January 29, 2011

Brown Sugar Bargain

I scored on organic brown sugar the other day. I got six, 24 ounce packages for fifty cents each, because the contents were hard as rocks.

The price was just too good to pass them up, and I figured I could do something with them. I've put rock hard brown sugar through the blender before, and was willing to do that again if need be, but figured I do a little research first. Turns out there are several ways to soften brown sugar.

The first is with heat, either in a microwave (30 seconds on high) or conventional oven (250 F, watch carefully).  Heat will soften it again, though apparently once the sugar cools, it will harden again.

I don't have a microwave and anyway, I wasn't too keen on having it harden again. So I opted for another method.

The way to return brown sugar to its original softness is to add moisture. That can be done like I did in the photo on the left.

I put it in a bowl, covered it with a wet dishtowel, and then zipped the whole thing in a 2 gallon ziplock bag. I left it sit on the kitchen counter until the next day, and then uncovered it to check on it's progress.

It was mostly soft, with a few small hard lumps, so I let it sit a few hours longer. Then I put it into a glass container, pleased with the result.

There are a number of ways to keep it soft too:
  • store in airtight container
  • store it in the fridge
  • use one of those terra cotta brown sugar discs or bears
  • put an apple slice in the container (works for cookies too)
  • put a piece of bread in the container (this is how I keep cookies moist and chewy)
  • put a marshmallow in the container (haven't tried this! Someone let me know how it works!)
For longterm storage, brown sugar can be kept in the freezer. I confess I don't have enough room in mine, but since it doesn't really go bad anyway, I'll just use the above method to soften it when I need to.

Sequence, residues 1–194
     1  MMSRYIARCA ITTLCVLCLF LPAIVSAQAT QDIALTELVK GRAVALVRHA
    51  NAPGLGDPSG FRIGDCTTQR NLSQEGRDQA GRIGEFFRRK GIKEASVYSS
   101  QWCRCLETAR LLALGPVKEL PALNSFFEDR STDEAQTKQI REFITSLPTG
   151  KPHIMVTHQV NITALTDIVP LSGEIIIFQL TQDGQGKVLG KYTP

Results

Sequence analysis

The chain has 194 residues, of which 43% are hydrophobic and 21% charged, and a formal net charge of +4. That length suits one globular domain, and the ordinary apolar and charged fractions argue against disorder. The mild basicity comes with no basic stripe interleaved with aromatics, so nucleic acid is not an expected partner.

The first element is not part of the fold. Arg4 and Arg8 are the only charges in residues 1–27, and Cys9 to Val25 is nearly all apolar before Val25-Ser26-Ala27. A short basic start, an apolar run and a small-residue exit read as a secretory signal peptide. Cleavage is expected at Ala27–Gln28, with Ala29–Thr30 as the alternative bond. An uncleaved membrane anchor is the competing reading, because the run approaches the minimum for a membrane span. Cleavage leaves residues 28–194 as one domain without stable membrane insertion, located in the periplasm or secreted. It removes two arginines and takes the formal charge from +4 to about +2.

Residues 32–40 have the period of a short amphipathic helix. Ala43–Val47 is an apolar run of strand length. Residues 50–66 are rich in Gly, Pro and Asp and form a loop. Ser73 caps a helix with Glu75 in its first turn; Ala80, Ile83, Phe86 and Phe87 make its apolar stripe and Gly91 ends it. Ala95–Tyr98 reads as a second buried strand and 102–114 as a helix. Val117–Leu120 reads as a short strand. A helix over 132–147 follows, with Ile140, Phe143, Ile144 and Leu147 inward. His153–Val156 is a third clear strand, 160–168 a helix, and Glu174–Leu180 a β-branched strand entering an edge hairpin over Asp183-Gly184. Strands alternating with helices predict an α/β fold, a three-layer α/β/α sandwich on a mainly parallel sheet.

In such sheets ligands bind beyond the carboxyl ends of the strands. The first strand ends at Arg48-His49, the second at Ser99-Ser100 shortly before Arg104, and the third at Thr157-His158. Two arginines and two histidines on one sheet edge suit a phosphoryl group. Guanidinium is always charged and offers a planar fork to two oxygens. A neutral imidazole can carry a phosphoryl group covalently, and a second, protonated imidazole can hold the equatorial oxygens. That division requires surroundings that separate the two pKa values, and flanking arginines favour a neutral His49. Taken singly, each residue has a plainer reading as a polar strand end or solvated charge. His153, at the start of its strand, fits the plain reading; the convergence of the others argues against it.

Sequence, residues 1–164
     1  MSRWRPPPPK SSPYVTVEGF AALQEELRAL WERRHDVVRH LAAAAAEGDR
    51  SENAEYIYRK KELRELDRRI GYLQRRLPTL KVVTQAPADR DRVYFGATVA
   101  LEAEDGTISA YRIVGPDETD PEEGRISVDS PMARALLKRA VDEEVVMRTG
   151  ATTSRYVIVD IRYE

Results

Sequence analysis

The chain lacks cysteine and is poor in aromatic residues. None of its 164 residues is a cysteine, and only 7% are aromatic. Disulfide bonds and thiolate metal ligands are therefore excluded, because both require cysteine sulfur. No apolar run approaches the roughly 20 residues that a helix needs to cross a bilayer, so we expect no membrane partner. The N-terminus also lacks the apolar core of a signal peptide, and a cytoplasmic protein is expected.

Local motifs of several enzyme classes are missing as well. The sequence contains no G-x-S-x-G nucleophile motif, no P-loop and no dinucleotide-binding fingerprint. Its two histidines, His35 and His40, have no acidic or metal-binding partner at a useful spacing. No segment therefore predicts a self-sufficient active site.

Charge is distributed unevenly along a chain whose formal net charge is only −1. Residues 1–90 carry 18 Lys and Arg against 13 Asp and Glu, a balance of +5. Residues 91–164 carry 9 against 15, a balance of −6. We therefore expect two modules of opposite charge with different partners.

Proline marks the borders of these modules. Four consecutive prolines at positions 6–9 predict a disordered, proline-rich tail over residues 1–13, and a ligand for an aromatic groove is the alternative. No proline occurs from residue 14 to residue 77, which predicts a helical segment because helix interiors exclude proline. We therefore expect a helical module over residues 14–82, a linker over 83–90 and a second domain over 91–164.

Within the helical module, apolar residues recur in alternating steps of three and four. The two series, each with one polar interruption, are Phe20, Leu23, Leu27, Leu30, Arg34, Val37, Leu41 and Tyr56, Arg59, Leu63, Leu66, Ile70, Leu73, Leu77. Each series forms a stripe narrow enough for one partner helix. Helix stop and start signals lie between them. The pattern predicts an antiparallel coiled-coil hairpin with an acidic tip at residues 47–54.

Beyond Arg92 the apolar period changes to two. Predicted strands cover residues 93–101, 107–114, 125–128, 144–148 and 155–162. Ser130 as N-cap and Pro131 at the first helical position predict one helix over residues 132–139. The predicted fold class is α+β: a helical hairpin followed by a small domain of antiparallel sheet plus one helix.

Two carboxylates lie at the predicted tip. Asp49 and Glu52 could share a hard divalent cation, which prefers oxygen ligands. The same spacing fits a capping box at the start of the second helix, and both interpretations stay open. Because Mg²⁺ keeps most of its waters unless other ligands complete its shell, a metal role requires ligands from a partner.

Kathy said...

Score! I use the bread-method myself and have had wonderful success with it. Now if I could just come across the bargain you did...

Lynda said...

You did good! I love brown sugar. So, when can we expect the oatmeal cookies?

Jane @ Hard Work Homestead said...

To be honest, I don't think I have ever come across sugar that wasn't rock hard. I only buy it maybe once a year or two. Now I don't have to beat it with the hammer.

Nina said...

I've always worried about the bread turning mouldy. I've always used the slice of apple method since it just seems to dry up. The marshmallow method sounds interesting and fun. That does presume one has marshmallows though - a rarity here. We used to have a dog who would sneak into the pantry to steal and snarf down bags of marshmallows - from high shelves no less. I got out of the habit of purchasing them unless I had a reason to do so.. not so much these days.

Leigh said...

Kathy, I've only used the bread method to keep cookies moist and found it works great. Will have to try it with the brown sugar now.

Lynda, LOL. Oatmeal cookies coming right up!

Jane, I admit I've avoided brown sugar in the past because of not knowing what to do with it. My method was to pulverize it in the blender! I do have a few favorite cookie recipes that use it though. Besides, at that price who could pass it up?